Diagrams failure to correspond to visual sensations is irrelevant.

All theorems of Euclid that don't use parallel postulate remain the same - eg. vertical angles are equal, in a triangle with equal sides the angles opposite these sides are equal.

Theorems Lobatchevsky and Bolyai proved by deduction - (not much use of figures) which weren't the same are:

a) the sum of the angles of any triangle is always less than 180

b) of two triangles the one with a larger area has a smaller angle sum

c) two similar triangles must be congruent

d) the distance between 2 parallel lines approaches zero in one direction along the lines and becomes infinite in the other direction.

Proved hundred of theorems - none contradicted each other. This meant that the old parallel axiom could not be deducted for the other Euclidean axioms.

Other development for Bolyai and Lobatchevsky was that we could not hope to establish the incontrovertible truth of the Euclidean parallel axioms by showing that alternatives produced contradiction.

Main point - there are geometries different from Euclid's.

How can new geometry be correct? What about physical space - is Euclidean geometry really true for all space? Gauss tried an experiment to see if the angles in a triangle are 180. He had to choose a large triangle (in Lobatchevsky and Bolyai's theory sum 180 as triangle shrinks) Gauss stationed an observer on each of 3 mountain peaks. Each observer measured the angle found by his lines of sight to other two observers - angle sum was 180 to within 2" - experiment not decisive. But assumptions had been made - triangle was large enough, and light rays are straight lines.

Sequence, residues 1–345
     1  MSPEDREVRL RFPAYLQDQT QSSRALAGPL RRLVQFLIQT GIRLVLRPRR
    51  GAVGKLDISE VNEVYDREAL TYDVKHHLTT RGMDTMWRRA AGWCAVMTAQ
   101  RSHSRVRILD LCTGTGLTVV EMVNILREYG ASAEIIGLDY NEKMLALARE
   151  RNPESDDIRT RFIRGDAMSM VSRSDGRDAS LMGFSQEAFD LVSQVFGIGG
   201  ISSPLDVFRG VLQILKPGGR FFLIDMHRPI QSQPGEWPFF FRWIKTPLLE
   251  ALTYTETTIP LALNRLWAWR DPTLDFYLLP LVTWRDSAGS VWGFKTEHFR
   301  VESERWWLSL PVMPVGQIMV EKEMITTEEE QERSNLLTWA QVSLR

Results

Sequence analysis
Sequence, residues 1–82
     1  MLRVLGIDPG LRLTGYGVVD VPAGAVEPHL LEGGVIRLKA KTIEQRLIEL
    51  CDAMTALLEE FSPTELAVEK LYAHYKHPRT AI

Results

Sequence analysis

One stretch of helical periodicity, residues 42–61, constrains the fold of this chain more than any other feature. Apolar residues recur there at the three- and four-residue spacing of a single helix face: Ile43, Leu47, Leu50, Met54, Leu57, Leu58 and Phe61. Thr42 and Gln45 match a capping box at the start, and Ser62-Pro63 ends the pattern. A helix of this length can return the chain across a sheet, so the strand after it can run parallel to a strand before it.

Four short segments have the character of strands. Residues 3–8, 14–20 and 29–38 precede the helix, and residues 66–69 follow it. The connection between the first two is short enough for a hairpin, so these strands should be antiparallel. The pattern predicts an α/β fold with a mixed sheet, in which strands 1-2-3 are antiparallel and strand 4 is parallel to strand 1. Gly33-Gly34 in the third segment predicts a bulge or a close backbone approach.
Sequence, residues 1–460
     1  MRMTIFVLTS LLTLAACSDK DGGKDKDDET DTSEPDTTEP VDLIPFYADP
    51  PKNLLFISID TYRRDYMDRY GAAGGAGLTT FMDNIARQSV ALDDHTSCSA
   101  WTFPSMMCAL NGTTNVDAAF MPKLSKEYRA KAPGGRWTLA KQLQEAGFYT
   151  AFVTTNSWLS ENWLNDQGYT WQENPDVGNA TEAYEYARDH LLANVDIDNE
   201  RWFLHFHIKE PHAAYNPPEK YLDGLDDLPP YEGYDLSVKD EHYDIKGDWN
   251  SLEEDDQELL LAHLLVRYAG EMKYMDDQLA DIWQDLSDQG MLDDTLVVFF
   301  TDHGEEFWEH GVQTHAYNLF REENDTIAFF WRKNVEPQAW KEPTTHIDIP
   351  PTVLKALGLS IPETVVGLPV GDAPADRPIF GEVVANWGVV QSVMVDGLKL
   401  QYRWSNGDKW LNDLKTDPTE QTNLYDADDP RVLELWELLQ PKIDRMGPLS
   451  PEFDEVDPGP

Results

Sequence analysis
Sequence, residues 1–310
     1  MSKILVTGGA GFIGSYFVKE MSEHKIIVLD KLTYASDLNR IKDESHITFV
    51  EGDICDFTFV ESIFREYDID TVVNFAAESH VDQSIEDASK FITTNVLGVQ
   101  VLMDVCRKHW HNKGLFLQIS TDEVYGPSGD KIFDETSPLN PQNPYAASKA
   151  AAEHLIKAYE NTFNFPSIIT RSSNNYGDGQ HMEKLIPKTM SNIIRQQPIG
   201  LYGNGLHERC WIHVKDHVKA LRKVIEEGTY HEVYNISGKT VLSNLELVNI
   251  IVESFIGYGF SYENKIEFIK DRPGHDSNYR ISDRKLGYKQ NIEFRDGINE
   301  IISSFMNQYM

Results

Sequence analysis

For investigations like this it was found that the 2 geometries fit physical space equally well.

However for people who live in a mountaneous country and are interested in the geometry of the surface of their country, a straight line would be better defined as **geodesic** - the curve of shortest distance between 2 points. What axioms do these straight lines obey?

The figure shows a pseudosphere and the straight line on the surface have all the properties of Lobatchevsky and Bolyai straight lines eg. the axiom that 2 points determine one and only one straight line applies to these geodesics, eg. 2 points on the psuedosphere (**C** and **D**) determine one and only one geodesic or shortest path between them. eg. the parallel axiom which says that through a point **P** not on a line **L** there is an infinite number of lines that do not meet **L** applies to the geodesics of the pseudosphere.

He looked at parallel axiom

As **R** moves to the left along **L** and as **Q** makes to the right both points must ultimately meet for Riemann supposed the line **L** to be finite. The line **PR** will as a result rotate around

into **PQ** without ever losing contact with **L**. So Riemann suggested that there were no parallel lines.

Also suggested unlike Euclid that 2 points determine one and only one line, he said 2 points may determine more than one line.

[ Comments ] [ Module Leader ]

These pages are maintained by M.I.Woodcock.